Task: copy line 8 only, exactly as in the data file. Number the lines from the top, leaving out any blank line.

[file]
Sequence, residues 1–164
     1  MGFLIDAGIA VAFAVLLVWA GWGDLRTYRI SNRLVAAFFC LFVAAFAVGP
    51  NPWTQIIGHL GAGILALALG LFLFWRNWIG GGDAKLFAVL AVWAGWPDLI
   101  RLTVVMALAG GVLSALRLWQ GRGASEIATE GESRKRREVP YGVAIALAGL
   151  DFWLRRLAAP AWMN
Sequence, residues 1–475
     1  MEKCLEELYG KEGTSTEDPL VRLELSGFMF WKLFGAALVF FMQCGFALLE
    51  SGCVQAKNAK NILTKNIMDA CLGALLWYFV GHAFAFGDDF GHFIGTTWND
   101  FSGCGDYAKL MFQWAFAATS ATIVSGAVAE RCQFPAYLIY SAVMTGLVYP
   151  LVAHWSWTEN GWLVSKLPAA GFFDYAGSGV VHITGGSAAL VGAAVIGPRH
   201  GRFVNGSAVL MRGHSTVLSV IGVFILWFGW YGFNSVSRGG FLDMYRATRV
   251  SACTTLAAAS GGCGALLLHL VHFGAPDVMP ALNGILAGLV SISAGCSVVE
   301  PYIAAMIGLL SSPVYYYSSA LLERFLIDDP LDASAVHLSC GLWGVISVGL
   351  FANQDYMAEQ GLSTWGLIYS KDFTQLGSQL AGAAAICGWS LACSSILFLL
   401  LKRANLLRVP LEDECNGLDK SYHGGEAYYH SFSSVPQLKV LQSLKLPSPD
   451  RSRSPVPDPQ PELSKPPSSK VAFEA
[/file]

    51  SGCVQAKNAK NILTKNIMDA CLGALLWYFV GHAFAFGDDF GHFIGTTWND